Already local hospitals are being closed and absorbed into PFI schemes whilst the new national tariff means hospitals have an incentive to concentrate on lucrative treatments and specialities.
Functions with higher risk and lower returns, like emergency and intensive care, and the treatment of chronic illness, are bound to suffer.
There may be a national tariff for health treatment but hospitals’ costs vary widely according to factors like the age of the equipment and buildings the staff have to use and the nature of the community they work in. So chief executives of would-be foundation trusts are negotiating with the government to get their land and assets valued as low as possible so their costs look low.
As the book points out, foundation hospitals cannot be seen to fail, for political reasons. So the government is also allowing them to borrow money at favourable rates and making more capital available to them. But this is at the expense of health care for all.
As with the rest of the public services, the achievement of targets is becoming central to the health service now. Already the target of a maximum four-hour wait in casualty is causing major problems. Doctors are complaining that the whole focus has become the ’four hour rule’.
One national newspaper report recently quoted a junior doctor saying: "Staff become obsessed and bed managers breathe down your neck because they don’t want to be fined for failing to meet it… I’ve spent six years at medical school being taught to treat the patient, not the result, and suddenly the opposite is happening."
Performance measures and targets also affect GPs. NHS plc shows how the new GP contract focuses on measures like the percentage of patients whose blood pressure is kept within strict limits.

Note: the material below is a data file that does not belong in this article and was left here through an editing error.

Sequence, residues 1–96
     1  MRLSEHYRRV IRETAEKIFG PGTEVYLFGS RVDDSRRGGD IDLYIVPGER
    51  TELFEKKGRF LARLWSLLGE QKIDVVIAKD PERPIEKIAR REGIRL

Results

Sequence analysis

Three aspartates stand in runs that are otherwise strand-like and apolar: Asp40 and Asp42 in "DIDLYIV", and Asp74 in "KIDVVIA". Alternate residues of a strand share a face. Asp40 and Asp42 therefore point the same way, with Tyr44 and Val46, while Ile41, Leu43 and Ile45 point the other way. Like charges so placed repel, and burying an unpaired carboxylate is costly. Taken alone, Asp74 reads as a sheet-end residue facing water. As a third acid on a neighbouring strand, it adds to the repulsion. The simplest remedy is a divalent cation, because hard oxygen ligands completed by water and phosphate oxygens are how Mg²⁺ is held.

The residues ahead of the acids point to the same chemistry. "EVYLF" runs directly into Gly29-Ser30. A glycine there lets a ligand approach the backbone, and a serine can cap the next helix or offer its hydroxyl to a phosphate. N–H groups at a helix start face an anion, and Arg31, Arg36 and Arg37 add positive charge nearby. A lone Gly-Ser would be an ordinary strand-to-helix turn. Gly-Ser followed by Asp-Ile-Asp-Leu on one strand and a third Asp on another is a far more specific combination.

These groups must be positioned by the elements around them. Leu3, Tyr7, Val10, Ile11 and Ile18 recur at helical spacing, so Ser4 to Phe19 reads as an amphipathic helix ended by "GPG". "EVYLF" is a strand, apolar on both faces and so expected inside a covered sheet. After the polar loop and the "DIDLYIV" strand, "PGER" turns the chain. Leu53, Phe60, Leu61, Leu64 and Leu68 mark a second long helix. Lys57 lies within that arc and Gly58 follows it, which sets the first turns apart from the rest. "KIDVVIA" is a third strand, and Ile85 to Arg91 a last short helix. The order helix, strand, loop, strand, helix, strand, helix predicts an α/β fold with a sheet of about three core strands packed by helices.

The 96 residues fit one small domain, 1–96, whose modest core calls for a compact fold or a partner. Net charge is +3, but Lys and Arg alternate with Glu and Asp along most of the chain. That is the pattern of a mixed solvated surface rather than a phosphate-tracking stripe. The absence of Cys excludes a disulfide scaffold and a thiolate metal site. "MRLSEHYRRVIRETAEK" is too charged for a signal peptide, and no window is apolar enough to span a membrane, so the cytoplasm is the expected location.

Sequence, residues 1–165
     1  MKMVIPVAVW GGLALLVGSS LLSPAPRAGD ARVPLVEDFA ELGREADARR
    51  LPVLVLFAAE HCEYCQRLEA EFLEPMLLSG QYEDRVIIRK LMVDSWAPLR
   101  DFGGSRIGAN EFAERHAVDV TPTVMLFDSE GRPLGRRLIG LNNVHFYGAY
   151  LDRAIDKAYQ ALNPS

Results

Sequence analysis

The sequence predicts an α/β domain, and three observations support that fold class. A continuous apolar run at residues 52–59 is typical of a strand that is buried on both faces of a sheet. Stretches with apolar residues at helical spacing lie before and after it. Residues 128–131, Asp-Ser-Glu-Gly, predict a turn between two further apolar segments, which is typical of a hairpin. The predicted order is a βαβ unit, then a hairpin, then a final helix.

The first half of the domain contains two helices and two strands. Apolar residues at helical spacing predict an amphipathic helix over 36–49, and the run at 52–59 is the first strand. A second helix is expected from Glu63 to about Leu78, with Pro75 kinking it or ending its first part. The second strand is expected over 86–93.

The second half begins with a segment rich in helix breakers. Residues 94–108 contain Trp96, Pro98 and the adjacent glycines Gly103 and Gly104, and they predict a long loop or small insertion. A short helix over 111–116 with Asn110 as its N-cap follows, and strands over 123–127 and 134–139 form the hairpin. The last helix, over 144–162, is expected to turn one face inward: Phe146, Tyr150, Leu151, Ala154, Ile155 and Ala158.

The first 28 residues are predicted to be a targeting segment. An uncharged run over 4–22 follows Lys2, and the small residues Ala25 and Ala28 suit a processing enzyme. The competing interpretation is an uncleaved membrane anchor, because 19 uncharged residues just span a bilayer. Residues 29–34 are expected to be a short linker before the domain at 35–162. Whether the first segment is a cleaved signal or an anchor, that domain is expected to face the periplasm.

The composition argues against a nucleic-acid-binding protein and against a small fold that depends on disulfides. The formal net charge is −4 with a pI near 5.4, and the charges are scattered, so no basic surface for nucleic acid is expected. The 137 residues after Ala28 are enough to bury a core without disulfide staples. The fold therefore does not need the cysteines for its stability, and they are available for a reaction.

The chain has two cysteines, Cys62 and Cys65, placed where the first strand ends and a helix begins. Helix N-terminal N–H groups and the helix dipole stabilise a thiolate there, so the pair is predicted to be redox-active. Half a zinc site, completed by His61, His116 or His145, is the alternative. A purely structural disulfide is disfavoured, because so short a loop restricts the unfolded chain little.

GPs are concerned that as a result, there will a temptation to treat mild blood pressure problems with drugs, rather than looking at the patient’s stress levels, diet and lifestyle.
"The new performance measures are largely linked to pharmaceutical interventions of one sort or another, and the pharmaceutical companies have been swift to respond, using strategies developed in the US," Pollock observes.
The USA model
IN THE richest country in the world, the USA, there is the highest spend per head in the world on healthcare. But one in five people have no access to healthcare because they are uninsured – mainly people on low wages and unemployed.
If you go for medical attention you not only have to take proof of your insurance cover but your credit card as well – your insurance might not cover all the treatment you need.
Nearly half of all personal bankruptcy filings in the USA are because of the costs of healthcare.
But it’s worse than that. When reading NHS plc I discussed it with my brother who lives in the USA. He told me about taking my sister-in-law to hospital when she had an injury to her lip.
She was bleeding profusely but as they are both fully insured they expected to be seen by a doctor or nurse straight away.
No bill, no treatment
But the clerk couldn’t allow them to see any medical staff – the computer wasn’t working properly so they couldn’t start the billing process. My brother had to jump over the desk and fix the computer before they could get into the hospital.
When you see office blocks in the USA which are headquarters for healthcare companies, they’re not full of people providing healthcare. They’re full of people issuing bills and chasing up payments – functions completely useless to the provision or monitoring of healthcare but vital to the making of profits.